Misconceptions run rampant when the primary channel of introduction to Germany is Hollywood. After living in Deutschland for two years, I have come to realize that some of my initial American impressions are both completely wrong and downright laughable. Some of the items are minor and embarrassing – yes, my German friends will laugh when they read this list. For the rest, I feel that Americans will agree, as I can’t possibly be alone in some of this incorrect thinking. For your reading pleasure, here is what I thought I knew:

10. The Autobahn is one magical road, which twists and turns through the mountains, with daring views of cities below. It is filled with red Porsches and black Aston Martins, and my Toyota would get mowed over by people driving at ludicrous speeds.

Reality: Not to disappoint, but the Autobahn is essentially the German interstate system. Although one could technically drive as fast as he or she desires, there are, in fact, stretches with speed limits. The overall recommended speed for the Autobahn is 130 km/hour, which equates to about 80 mph - a speed I’ve achieved many times in the States. On a few occasions, I’ve been passed quickly (only on the left) by a sexy sports car, but usually it’s just a VW station wagon zooming by.

9. All Germans love meat, and frequently dine on wurst, potatoes and beer.

Reality: Although most restaurants offer this type of fare (which is absolutely delicious), I’ve gotten to know the other side of the culinary coin. To my surprise, the majority of my female German friends are either vegetarian or vegan. If this shocks you as well, you’ll be interested to know that Veganz GmbH, the first vegan supermarket chain in Europe, is based in – you guessed it – Germany.

8. Speaking of drinking, when it comes to alcohol in Germany, it’s beer all the way.

Reality: This, actually, wasn’t far off. The beer here is absolutely amazing and I have tried many, many varieties. I have liked every single libation from a Hefeweizen, to a Dunkel to a Pilsner. A perk is the ability to purchase beer in more than just a six-pack by hitting up a bulk store like Trinkgut, and purchasing it by the case of 20 (equivalent to 30 U.S. beers in ounces). What’s better is that when finished, you return your empty bottles in the case and receive a Pfand (refund) that can go toward your next beverage purchase. Enough about beer though, can we talk about Riesling, Spätburgunder and Federweißer? That’s right, my initial impression completely neglected the fact that Germany produces some stellar wine. Luckily for me, I am right here in the Rheingau region, a top area for growth and production of many delicious varieties.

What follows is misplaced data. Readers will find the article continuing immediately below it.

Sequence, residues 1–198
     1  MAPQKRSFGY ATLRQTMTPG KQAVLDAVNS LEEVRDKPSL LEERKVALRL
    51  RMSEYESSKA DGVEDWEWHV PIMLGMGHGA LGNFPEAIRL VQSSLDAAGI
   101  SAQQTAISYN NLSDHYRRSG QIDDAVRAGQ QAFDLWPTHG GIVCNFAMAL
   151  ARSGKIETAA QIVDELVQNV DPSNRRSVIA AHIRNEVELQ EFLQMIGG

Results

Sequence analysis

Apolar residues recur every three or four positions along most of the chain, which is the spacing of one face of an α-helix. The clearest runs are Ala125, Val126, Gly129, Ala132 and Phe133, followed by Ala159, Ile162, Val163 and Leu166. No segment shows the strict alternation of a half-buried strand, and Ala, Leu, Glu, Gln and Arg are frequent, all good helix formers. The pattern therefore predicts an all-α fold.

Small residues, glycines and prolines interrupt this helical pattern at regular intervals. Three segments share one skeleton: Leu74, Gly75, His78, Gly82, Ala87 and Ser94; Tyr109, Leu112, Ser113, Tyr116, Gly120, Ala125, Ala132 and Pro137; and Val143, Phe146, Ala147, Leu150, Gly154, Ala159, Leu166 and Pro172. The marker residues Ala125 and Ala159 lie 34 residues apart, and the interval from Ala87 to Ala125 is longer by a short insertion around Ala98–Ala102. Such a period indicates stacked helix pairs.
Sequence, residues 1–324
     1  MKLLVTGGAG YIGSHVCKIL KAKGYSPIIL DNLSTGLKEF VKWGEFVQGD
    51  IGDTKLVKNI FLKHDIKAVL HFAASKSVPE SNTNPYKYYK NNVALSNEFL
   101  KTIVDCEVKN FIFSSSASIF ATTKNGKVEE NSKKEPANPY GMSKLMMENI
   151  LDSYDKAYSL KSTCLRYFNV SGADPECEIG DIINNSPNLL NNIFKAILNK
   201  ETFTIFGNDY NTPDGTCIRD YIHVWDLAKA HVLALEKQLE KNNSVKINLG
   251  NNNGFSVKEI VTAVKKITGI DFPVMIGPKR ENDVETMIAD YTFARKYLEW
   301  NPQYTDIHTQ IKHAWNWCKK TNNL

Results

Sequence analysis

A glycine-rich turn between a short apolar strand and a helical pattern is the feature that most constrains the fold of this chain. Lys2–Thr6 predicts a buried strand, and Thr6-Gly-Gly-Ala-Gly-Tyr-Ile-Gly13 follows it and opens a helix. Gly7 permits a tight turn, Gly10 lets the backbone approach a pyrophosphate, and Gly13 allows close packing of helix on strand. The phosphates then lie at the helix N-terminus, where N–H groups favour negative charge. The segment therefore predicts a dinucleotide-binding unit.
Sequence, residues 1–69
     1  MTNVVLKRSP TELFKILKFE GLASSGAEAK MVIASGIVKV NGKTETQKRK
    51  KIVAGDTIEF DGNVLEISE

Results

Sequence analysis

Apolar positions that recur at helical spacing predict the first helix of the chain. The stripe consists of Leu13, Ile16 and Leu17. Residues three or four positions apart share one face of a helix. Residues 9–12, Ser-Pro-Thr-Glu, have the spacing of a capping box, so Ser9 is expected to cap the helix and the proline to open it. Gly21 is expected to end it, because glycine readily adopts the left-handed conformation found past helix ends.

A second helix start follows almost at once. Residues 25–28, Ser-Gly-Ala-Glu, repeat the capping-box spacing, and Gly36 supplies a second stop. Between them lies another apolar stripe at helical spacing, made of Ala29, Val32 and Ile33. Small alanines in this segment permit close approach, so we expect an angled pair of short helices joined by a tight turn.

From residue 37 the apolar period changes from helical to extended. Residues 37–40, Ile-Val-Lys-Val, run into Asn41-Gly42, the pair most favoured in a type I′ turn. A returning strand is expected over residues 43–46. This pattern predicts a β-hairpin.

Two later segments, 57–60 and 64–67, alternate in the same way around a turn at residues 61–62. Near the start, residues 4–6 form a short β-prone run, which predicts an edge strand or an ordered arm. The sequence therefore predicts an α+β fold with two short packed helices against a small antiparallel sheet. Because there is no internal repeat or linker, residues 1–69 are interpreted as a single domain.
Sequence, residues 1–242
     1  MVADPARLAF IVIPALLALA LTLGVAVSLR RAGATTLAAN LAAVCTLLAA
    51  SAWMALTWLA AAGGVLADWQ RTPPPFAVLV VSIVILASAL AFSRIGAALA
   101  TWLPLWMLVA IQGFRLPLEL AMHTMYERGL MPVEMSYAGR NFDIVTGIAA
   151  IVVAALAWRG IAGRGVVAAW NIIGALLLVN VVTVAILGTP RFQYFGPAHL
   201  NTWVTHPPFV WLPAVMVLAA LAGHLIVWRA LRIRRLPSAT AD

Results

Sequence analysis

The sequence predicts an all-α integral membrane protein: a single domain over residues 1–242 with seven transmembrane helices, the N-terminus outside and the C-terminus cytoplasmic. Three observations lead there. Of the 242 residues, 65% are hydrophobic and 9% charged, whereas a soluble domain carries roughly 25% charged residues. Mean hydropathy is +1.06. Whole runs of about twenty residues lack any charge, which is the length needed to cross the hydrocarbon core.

7. All Germans own traditional garb, to include a dirndl for women or lederhosen for men.

Reality: Boy, was I misinformed! This is common in only one of Germany’s 16 states, Bavaria. It is the largest state in the country, yet is the most rustic, traditional region. For some reason, it is the top-of-mind representation of Germany for Americans. I live in the state of Hessen and close to Rheinland-Pfalz, and few, if any of my German friends own dirndls or lederhosen. What I consider odd, is that most of them have never been to Oktoberfest (or, as one of my German friends calls it, a “Bauernfest,”- fest for farmers). Although Germany is only the size of Montana, there are definitely regional differences here. I proudly admit that I own a dirndl because dressing up in a costume, drinking beer, singing songs and going on carnival rides is a win in my book!

6. Everyone is named Hans, Fritz, Heidi or Gretchen.

Reality: I have met exactly zero people with those names. My friends range anywhere from atypical names (for America), like Franziska, Karola, Mareike and Wido to those commonly used back home, such as Philip, Tim and Simon. Strangely enough, every Dachshund I met in the States was either named Heidi or Gretchen…apparently their owners didn’t get the memo.

5. Germans love rules, regulations and always follow protocol.